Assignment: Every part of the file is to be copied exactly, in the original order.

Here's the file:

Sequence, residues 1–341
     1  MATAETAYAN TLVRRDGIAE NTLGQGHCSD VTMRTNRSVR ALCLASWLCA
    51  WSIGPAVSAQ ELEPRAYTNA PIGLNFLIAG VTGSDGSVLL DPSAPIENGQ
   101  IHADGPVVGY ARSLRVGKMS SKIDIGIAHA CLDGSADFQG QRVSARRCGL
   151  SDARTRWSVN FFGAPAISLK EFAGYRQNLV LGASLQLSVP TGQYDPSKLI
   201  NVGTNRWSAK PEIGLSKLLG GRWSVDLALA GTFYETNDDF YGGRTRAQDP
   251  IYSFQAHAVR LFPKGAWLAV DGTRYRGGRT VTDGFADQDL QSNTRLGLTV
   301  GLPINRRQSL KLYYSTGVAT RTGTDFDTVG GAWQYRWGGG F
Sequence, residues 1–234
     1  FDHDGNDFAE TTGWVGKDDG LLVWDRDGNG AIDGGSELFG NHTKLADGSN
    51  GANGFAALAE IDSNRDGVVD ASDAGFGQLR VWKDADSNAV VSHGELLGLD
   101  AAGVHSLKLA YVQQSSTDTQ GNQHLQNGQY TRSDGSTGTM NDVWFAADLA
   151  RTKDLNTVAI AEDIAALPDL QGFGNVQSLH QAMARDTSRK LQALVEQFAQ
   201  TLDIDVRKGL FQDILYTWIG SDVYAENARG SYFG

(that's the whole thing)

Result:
Sequence, residues 1–341
     1  MATAETAYAN TLVRRDGIAE NTLGQGHCSD VTMRTNRSVR ALCLASWLCA
    51  WSIGPAVSAQ ELEPRAYTNA PIGLNFLIAG VTGSDGSVLL DPSAPIENGQ
   101  IHADGPVVGY ARSLRVGKMS SKIDIGIAHA CLDGSADFQG QRVSARRCGL
   151  SDARTRWSVN FFGAPAISLK EFAGYRQNLV LGASLQLSVP TGQYDPSKLI
   201  NVGTNRWSAK PEIGLSKLLG GRWSVDLALA GTFYETNDDF YGGRTRAQDP
   251  IYSFQAHAVR LFPKGAWLAV DGTRYRGGRT VTDGFADQDL QSNTRLGLTV
   301  GLPINRRQSL KLYYSTGVAT RTGTDFDTVG GAWQYRWGGG F
Sequence, residues 1–234
     1  FDHDGNDFAE TTGWVGKDDG LLVWDRDGNG AIDGGSELFG NHTKLADGSN
    51  GANGFAALAE IDSNRDGVVD ASDAGFGQLR VWKDADSNAV VSHGELLGLD
   101  AAGVHSLKLA YVQQSSTDTQ GNQHLQNGQY TRSDGSTGTM NDVWFAADLA
   151  RTKDLNTVAI AEDIAALPDL QGFGNVQSLH QAMARDTSRK LQALVEQFAQ
   201  TLDIDVRKGL FQDILYTWIG SDVYAENARG SYFG